Again: Hynes identified his crew and stuck with them for the most part. While Stafford may not be coming back, do not be surprised if Hall, Bratt, Palmieri, and Boyle take the lionshare of attempts for 2018-19. Whether that is a good thing, well, let’s get into that in Part 3 too.
When a Shooting Percentage Is Not Quite a Shooting Percentage
Sticking with the team stats, the Devils as a team did have some failings when it came to finishing a number of these attempts.
While they only outright missed the net once and one outright failure of an attempt, they did fail to finish six times when they beat the goalie. Four of those were the result of the shooter losing the puck after making a move that could/should have led to a score. One was a shot that narrowly missed after, again, making a move that would have beaten a goalie. And one was a post, specifically the right post hit by Brian Gibbons in a must-score situation in the fifth round against the Isles on January 7.
I was counting attempts where the Devils lost the puck, missed the net, and hit the post separately from shots that were saved and shots that went into the net. As I found out in yesterday’s post, this puts me at odds with the shootout stats at NHL.com. According to their team stats, the Devils scored 10 goals out of 39 attempts for a shooting percentage of 25.6%. The problem with that is with the count of 39 attempts. The Devils did not actually take 39 shots on net.
Again, the Devils lost the puck four times when trying to beat the goalie and lost it one additional time when Anton Khudobin poked the puck away from Adam Henrique on the considerably long November 22 shootout against Boston. That’s five attempts where no actual shot on goal was taken. In the 65 minutes played before the shootout, that does not get recorded. Somehow, in a shootout situation, it suddenly becomes a shooting attempt despite one not taking place. I think those should not be counted in a shooting percentage. By the way, if we take those away, the Devils’ shooting percentage gets a boost.
The fix for NHL.com is a bit easier: just call it a scoring percentage. Just rename all shootout attempts as scoring attempts and the percentage would reflect what it actually is: the percentage of attempts that became goals. Calling it a shootout shooting percentage is not accurate.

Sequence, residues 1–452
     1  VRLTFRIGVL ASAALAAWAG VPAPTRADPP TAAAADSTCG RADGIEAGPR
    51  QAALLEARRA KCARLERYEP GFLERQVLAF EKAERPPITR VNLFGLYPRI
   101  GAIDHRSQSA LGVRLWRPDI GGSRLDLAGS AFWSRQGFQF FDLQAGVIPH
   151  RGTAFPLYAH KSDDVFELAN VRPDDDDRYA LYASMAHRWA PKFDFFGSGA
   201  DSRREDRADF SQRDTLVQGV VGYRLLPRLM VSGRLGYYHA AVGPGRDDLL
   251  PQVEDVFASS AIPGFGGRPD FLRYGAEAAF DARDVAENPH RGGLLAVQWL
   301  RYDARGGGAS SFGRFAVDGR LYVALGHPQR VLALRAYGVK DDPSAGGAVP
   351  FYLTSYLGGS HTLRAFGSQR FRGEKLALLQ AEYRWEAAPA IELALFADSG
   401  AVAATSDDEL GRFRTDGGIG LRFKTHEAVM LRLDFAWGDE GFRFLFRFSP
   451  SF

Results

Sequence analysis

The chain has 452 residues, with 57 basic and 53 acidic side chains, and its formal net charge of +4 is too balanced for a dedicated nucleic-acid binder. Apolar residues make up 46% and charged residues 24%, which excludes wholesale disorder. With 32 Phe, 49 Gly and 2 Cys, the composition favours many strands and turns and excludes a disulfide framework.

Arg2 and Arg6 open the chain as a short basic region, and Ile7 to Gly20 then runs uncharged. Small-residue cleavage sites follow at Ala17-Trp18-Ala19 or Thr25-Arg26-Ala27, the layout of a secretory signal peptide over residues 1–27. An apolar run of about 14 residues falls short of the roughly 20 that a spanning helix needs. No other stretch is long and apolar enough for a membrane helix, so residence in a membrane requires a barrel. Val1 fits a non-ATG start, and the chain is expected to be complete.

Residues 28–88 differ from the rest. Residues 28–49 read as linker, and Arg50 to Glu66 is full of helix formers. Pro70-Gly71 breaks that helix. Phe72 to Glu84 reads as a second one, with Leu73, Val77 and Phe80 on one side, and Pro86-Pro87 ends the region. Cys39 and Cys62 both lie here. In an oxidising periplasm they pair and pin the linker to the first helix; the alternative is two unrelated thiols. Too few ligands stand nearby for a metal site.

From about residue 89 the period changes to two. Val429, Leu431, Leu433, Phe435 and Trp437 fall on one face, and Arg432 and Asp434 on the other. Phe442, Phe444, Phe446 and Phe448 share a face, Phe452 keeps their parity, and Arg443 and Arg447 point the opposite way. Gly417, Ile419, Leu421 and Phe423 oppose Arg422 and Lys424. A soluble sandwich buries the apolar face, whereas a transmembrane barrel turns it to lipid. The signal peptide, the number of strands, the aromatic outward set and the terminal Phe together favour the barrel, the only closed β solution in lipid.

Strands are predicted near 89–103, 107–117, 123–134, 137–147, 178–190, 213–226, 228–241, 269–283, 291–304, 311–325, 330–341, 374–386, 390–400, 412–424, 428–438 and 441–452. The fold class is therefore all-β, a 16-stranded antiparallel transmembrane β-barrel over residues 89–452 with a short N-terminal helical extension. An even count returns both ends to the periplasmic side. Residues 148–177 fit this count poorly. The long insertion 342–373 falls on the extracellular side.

Shot Location, Moves, and Other Observations
Getting back to attempts, outside of Henrique getting poked away, I was able to identify where the shooters were trying to shoot at on their attempts. The Devils never faced a goalie more than once in the shootout last season, so I expected this to be all over the place. It did not quite turn out that way. (As with yesterday’s post, left and right are the shooter’s left and right.)
The Devils liked to go low on goaltenders. 20 of their 39 total attempts were to beat the goalie at pad level to ice level height. There was no real bias towards a direction; low right just fell behind five-hole attempts and attempts to score low on the left. The issue is that they only scored on four of those and three of them were through the legs. Credit Boyle for doing it on December 21, Stafford making it work on February 13 against Philly, and Hall for putting the Devils up in Nashville on March 10. Coincidentally, these goals were the shootout winners for the Devils and they all featured the shooter just beating the goalie with a quickly released shot - no distinguishable move at all.
While they took fewer attempts as they went up in height, the shooters were more successful going high on goalies. Again, no real clear bias in direction as four went to the left and five went to the right. It is possible that for a few of them, they did not necessarily have to hit the top corner, but they did and it was still good. The high height goals were all scored by the regulars: Stafford (twice), Hall, Boyle, and Palmieri (once each).